I don't get around to blogs as nearly as I want to anymore. If I hit them all once a week I'm doing well these days, but I had to check out Patti Nielson's post today entitled "The Phone Call." And while it wasn't a phone call from an agent, it was a great blog post posing the question, how much information is necessary to dole out to a reader right away? If you want to know how that relates to a phone call, go read the post!
I've been thinking about this lately because in one of the packets I sent to my advisor this semester, I included a prologue to my book. I know that prologues are not in vogue with agents these days, but they do always say, "Figure out where your story really starts and begin there," and my story really starts ten years before my character comes back to her home town. And also, I wanted to avoid the opening scene being a girl driving back into town reminiscing.
So I started the prologue by dropping the reader into a scene, just like I've seen agents say readers want. There is immediate conflict, immediate action, immediate drama. I liked it.
I sent it off to my advisor with the question: Does this work as a beginning to my story?
Her answer, because she is just this wise, was "I can't tell you that." And then she proceeded to ask me all sorts of questions to help me answer my question myself. It's a Socrates thing, I guess. Which is totally working for her, because the things she ask teach me - not just about this particular book (which is what would have happened if she just said, "Yes. By all means make this your prologue!"), but she's made me think about beginning any book, and what needs to happen in those opening pages.
While she does say the scene absolutely needs to be in the books, she also pointed out that it didn't necessarily need to go first, even though that's where it fits chronologically. (I'm learning a lot about this from her... how to fit all my character's history in with vivid scenes that don't feel like backstory.)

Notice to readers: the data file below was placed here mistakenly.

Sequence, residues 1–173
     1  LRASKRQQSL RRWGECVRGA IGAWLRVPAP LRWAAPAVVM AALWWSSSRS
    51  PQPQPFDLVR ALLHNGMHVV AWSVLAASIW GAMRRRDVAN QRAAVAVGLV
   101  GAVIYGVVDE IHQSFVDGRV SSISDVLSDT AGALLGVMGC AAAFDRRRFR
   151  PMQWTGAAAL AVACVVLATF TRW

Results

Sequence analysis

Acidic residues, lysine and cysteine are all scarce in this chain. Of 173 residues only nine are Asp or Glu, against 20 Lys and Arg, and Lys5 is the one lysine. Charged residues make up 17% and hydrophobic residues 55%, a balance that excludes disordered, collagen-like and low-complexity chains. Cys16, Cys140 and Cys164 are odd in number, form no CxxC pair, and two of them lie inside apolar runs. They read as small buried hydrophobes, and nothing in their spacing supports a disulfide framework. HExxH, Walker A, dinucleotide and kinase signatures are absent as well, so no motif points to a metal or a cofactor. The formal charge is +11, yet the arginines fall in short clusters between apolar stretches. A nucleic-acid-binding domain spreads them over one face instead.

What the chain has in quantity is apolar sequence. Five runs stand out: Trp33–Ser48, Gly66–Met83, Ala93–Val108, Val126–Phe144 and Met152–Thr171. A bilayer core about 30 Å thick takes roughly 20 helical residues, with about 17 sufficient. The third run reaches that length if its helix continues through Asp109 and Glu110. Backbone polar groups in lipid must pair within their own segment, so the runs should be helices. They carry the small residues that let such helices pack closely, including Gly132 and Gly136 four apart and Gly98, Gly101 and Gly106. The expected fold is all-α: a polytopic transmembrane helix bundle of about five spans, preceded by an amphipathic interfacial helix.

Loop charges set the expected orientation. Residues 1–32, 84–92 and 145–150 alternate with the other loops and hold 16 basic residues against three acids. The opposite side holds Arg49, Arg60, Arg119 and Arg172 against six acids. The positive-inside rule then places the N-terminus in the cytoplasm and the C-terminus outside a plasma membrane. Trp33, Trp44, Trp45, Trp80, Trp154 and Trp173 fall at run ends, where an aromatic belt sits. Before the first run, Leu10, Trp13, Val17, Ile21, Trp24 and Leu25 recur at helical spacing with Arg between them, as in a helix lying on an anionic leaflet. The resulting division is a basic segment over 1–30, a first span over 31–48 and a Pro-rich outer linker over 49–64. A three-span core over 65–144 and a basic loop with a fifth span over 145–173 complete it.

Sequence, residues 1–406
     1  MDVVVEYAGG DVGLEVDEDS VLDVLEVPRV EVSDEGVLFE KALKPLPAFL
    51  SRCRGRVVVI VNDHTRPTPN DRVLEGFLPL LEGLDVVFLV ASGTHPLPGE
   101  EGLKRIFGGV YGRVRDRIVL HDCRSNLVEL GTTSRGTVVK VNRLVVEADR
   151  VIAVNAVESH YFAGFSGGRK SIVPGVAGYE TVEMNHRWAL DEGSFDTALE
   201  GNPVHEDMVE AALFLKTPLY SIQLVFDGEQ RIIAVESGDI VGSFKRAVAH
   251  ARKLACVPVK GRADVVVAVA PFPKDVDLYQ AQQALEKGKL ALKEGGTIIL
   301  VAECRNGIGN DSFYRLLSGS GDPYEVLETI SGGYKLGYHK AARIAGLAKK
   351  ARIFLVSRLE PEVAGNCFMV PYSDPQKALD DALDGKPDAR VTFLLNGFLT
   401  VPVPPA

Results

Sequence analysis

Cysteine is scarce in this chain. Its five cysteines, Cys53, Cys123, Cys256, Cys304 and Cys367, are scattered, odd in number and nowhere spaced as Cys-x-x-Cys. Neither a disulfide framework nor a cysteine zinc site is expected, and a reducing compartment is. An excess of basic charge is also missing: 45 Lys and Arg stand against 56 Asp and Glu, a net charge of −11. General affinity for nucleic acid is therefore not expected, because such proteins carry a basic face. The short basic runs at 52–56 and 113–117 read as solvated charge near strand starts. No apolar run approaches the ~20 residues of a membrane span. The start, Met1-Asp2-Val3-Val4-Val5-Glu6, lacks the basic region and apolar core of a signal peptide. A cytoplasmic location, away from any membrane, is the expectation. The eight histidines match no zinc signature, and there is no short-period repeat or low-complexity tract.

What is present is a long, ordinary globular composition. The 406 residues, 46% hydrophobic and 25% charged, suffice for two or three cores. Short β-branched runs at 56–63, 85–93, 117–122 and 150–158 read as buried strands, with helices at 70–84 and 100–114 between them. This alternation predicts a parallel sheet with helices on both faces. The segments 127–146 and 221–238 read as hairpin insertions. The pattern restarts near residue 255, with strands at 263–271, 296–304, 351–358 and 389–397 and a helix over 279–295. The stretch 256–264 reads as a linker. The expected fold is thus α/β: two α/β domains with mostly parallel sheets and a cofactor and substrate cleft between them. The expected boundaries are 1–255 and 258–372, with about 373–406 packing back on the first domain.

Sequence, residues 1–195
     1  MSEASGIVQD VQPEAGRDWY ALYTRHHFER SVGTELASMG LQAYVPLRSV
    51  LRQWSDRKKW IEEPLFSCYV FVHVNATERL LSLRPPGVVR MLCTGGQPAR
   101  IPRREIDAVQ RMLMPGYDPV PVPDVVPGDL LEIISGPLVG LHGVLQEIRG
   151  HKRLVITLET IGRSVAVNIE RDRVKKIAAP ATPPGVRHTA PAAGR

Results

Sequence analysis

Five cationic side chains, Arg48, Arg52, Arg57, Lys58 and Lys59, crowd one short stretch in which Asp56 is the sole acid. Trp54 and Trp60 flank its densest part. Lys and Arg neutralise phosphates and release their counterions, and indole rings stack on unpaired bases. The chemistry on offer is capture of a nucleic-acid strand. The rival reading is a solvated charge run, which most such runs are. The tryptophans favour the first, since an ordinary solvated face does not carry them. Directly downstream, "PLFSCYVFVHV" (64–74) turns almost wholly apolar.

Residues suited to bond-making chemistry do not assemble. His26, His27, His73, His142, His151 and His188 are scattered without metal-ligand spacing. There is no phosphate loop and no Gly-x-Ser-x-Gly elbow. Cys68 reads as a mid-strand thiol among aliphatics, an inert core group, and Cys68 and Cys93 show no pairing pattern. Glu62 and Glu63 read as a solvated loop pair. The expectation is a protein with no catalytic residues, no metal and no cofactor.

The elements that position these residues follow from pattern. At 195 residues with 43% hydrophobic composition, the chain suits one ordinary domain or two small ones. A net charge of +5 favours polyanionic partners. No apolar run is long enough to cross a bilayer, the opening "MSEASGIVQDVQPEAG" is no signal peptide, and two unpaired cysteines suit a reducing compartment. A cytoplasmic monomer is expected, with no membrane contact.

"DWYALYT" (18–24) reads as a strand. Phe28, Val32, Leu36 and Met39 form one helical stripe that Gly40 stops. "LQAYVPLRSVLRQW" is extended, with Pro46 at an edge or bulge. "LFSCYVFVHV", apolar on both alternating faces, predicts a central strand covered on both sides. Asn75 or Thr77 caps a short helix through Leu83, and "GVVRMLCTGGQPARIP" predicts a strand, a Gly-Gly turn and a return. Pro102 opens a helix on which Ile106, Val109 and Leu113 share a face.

But also, you not only have to hook a reader in the opening pages, you also need to not lose them.
Don't introduce too many characters we can't keep track of.
Release information on a need-to-know basis. Only include what is necessary to know; don't clutter the scene with information the reader might think is important that actually isn't.
On the flip side, if the reader needs to know something, give it to them! Don't drop them so suddenly into a scene that they don't know where they are or what is happening. Not that you should take away the suspense factor, but you shouldn't leave them confused either.
This is what she said:
"You want your prologue [or first chapter] to pull the reader in by raising questions that we really want to get answered....What you don’t want it to do is leave us wondering, sentence by sentence, what is going on here? In other words, you should be in control of what questions will arise in the reader’s mind."
I think for me the only way I can check if I'm doing this right is asking someone else to read the pages for me, and then asking them, "What do you think is going to be important here? What do you wish you knew? Were you confused by anything you wish I'd clarify?"
It's a delicate balance, I think, between giving the reader enough information that they aren't confused, but little enough to entice them to read more.
As a reader, how much lack-of-information are you willing to tolerate at the beginning of a book, and how long will you read before you need the blanks filled in?